Yahoo still has time to leave the group and have its own measures to avoid spam.

Today I saw the collateral damage of this measure, a paid web directory changing all links to nofollow more than 50,000 contacts.

What you have to say about this collateral damage?

Posted by: Hugo Romano at January 26, 2005 06:51 PM

Ok, since there are a lot of folks here who are against the "NOFOLLOW" tag, what do you suggest?

Mind you whatever solution you come up with must:
* Be able to differentiate a given link as being spam even though the link itself may not indicate it's nature. (e.g. someone may actually be discussing various online card gaming sites or herbal organ suppliments)
* Be able to be implemented with minimial effort by non-technical individuals. Many over spammed blogs and forums are abandoned or out of date yet get just as much traffic now (from spammers) than they did previously.
* Require minimal processing effort from search engines With billions of pages requiring indexing and constant demands for "freshness" by folks, spiders really can't afford to waste a lot of CPU making fuzzy logic determinations or doing very complex linguistic associations. Heck, having them even look for an attribute tag can be a burden. They simply don't have the time to do it.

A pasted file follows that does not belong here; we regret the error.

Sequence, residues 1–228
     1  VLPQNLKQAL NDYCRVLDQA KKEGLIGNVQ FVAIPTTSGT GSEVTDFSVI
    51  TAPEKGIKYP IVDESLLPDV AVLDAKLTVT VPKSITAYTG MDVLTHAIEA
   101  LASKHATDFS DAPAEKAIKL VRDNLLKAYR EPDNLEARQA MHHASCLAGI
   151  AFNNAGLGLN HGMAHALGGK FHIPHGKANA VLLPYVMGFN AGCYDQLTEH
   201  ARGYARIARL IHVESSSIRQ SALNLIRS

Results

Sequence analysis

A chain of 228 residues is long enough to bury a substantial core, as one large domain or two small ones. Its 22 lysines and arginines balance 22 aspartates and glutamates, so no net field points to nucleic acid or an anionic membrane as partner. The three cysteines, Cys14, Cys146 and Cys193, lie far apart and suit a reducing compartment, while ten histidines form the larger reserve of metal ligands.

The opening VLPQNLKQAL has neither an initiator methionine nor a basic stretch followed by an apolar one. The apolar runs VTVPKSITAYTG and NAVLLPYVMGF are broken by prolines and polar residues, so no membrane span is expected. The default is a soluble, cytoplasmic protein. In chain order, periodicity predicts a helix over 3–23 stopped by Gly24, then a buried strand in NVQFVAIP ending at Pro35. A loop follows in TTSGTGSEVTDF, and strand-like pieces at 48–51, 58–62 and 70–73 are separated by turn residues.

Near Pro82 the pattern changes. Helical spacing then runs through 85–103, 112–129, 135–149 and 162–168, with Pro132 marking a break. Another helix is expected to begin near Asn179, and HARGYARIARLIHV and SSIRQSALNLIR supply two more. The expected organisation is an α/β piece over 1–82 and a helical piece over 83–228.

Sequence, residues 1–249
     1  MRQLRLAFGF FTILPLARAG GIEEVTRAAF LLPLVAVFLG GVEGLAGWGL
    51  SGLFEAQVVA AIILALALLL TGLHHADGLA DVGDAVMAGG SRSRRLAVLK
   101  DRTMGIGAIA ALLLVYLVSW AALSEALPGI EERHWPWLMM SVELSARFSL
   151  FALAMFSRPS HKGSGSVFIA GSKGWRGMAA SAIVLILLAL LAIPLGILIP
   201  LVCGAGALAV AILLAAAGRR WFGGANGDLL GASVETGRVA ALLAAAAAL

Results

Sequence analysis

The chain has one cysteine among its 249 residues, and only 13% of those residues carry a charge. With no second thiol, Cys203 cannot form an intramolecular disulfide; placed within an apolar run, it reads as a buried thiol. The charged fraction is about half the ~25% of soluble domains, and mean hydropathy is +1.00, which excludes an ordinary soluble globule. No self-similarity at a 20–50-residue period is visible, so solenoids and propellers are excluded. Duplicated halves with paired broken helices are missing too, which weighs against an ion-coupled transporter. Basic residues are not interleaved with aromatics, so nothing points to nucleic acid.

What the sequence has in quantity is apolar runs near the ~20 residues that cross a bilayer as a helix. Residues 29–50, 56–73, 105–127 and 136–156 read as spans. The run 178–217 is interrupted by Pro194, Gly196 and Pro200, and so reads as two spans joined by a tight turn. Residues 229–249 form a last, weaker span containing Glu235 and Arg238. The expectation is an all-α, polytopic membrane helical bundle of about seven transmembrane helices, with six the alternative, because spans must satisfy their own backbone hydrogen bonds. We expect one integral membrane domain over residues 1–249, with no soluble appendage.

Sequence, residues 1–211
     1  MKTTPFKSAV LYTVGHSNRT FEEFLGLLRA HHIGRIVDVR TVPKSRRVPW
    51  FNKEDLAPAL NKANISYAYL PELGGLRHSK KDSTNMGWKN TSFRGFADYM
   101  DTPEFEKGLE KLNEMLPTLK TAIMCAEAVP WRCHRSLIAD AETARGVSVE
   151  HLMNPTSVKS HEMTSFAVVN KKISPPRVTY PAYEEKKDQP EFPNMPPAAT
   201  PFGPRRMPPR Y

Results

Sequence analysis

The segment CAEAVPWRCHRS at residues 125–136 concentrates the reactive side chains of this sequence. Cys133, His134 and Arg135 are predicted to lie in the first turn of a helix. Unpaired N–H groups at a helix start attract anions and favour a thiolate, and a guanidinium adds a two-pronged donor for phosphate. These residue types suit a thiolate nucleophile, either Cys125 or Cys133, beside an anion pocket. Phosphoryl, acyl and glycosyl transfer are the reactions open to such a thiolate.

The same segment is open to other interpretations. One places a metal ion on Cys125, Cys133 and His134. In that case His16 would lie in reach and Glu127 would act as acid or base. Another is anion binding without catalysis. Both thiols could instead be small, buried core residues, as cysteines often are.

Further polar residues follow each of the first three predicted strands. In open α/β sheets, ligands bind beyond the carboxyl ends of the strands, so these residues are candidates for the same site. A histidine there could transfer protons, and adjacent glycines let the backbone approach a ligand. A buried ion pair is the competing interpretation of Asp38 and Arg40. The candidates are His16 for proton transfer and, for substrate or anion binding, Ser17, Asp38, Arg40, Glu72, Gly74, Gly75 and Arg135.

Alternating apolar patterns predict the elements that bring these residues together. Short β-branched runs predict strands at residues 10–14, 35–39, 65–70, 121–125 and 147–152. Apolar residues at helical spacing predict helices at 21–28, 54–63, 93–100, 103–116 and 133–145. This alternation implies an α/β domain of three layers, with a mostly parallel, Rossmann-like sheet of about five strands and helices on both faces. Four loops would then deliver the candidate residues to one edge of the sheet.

Seriously, does anyone who's opposed to the NOFOLLOW tag have a better idea that's more implementable?

(For what it's worth, I keep a whitelist of URLS commentors and posters use. Whitelisted URLs don't get the NOFOLLOW treatment, but i also don't get a ton of links so keeping up with them is fairly simple.)

Posted by: jr at January 28, 2005 09:35 AM

Seems to me that the SE's need to configure a better way of PR that are not so dependant on text links, don't you think?

Posted by: M. Anthony at January 31, 2005 02:12 PM

If Yahoo is such a big believer, why is it not implemented on this Yahoo Blog???????

ITS NOT IMPLEMENTED ON THIS BLOG

Posted by: Guest at February 1, 2005 06:41 AM